Globacom denies owing billions of naira to distributors
Nigeria’s second telecommunications carrier, Globacom, has denied that it is owing its distributors billions of naira and is treating them unfairly. Bode Opeseitan was speaking in response to questions by NEXT following a demonstration on Wednesday in front of the company’s headquarters by members of the Association of Telecom Distributors of Nigeria. One of the allegations is that the company sells at a lower price to dealers who are related to its management than it does to other dealers.
Ayo Ojo, the president of the association, who led the protest had alleged in an interview with NEXT that, Globacom has ‘‘ cheated us of billions of money, that is why we are here. We were told to sell up to two million worth of recharge every month. We pay in the money to Globacom’s account before we collect the cards,” Ojo said, adding that the protest is the only way members of the association could draw the attention of the firm to their plight.
Ojo said, “The issue is that most of the pins in the recharge cards do not work and we have paid for them. The consumer returns it to us, when Globacom is contacted to change the cards or refund their money, we are told to come back today, come back tomorrow.”
According to him, this was not the practice with other service providers. “Other providers when their cards are spoilt, we inform them and they block the cards but Glo never blocks their cards when we inform them. Rather than listen to us constructively, they have turned deaf ears to us and are doing whatever they like. We have invested our resources and we want it back,” he said.
The association also accused Globacom of breaching an agreement it earlier reached with the dealers, by sidelining the association and dealing with other private individuals related to Mike Adenuga, the chairman of the firm.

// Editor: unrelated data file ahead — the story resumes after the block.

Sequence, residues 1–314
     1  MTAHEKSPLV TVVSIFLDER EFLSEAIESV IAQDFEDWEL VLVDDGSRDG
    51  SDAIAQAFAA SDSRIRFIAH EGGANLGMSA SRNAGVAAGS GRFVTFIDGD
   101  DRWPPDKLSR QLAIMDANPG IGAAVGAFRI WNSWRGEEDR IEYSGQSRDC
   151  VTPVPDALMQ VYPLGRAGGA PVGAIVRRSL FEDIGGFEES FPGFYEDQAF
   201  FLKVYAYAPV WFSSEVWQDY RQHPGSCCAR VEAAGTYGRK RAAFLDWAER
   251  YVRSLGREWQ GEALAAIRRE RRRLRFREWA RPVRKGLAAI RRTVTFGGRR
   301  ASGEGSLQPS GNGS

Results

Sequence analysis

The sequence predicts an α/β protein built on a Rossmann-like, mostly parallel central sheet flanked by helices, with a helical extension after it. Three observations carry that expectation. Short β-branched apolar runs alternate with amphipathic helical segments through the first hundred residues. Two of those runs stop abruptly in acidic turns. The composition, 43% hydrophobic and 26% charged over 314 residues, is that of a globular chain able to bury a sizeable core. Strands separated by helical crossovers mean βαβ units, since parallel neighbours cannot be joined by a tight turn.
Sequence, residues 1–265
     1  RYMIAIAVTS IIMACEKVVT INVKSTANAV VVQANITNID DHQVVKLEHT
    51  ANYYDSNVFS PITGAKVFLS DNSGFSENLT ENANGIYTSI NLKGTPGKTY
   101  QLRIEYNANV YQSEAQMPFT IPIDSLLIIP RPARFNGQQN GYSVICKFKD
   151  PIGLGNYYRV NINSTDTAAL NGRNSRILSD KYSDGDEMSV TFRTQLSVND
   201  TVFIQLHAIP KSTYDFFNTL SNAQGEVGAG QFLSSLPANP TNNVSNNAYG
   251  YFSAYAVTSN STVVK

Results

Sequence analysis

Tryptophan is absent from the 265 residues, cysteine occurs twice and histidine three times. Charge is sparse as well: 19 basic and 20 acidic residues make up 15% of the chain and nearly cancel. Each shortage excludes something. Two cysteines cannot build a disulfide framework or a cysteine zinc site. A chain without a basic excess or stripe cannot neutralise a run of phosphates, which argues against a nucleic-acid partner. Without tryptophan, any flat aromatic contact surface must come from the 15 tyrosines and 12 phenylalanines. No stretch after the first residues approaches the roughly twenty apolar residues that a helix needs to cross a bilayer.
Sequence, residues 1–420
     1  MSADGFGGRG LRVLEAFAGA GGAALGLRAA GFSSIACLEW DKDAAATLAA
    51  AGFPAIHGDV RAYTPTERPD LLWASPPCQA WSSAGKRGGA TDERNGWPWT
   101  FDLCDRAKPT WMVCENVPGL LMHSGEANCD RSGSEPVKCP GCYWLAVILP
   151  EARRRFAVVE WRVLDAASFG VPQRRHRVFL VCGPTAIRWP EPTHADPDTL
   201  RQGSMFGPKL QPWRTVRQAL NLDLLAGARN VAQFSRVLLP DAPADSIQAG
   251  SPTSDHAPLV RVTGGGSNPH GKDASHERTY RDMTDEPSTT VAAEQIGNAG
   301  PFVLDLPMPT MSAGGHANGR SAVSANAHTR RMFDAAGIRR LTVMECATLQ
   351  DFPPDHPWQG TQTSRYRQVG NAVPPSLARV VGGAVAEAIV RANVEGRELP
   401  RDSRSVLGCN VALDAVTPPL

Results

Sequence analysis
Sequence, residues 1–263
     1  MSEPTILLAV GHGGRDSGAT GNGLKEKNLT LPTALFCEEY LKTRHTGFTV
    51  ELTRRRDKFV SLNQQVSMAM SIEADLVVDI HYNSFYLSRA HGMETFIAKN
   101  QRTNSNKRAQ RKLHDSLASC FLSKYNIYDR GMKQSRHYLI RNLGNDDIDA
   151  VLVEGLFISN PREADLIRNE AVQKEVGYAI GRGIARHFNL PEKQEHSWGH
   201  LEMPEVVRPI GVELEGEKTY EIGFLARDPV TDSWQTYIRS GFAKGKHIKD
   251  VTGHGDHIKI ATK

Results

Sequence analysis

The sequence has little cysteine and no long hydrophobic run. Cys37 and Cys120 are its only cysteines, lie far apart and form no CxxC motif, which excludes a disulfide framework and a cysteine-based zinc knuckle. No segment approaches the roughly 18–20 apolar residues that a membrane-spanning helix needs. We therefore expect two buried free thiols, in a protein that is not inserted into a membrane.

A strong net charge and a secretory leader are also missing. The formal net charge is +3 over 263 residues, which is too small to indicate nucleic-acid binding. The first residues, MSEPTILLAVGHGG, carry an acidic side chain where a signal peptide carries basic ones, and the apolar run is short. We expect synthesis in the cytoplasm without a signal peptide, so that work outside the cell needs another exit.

Another dealer, who simply identified himself as Mr. Isaac, said, “We are dealers with Globacom set up. The agreement in the relationship was that we were told to go and get shops and we start buying from them. The problem now is that Globacom has sacked all the dealers and owes us huge sum of money. Glo would sell to us at a high price and will sell at a lower price to their relations and they will direct others to go and buy from them.”
According to the dealers, the problem with Globacom started when the telecoms firm unilaterally terminated the agreements reached four months earlier with them, for which they were given appointment letters in 2003, and were told to set up Glo shops around the country. The paints used in painting the shops were sold to them by Globacom.
But Mr. Opeseitan, insists, the company only has individual and not collective agreements with the dealers. He said, “In the letter of agreement reached with each of them, non-performing dealers will be de-listed. No agreement was reached with ATDON but individually, and letters of appointment, obligation and a minimum level was set for the dealers.”
Mr. Opeseitan explained that Globacom has been fair to the dealers, based on their performances, adding that a price monitoring team scrutinises the operations of the dealers; if any is found to have flouted the ethics, (that person) will first be suspended and thereafter, de-listed. The initial agreement was that each dealer had a monthly target of N20 million which they had failed to meet.
According to him, “The minimum level is N20 million since 2003 and none of the dealers have met this. Glo has been magnanimous with the dealers. They are not meeting the targets since 2003. “The bad card allegation is not correct, as serial numbers requited is to be reported to police and pin numbers used cannot be blocked,” he said.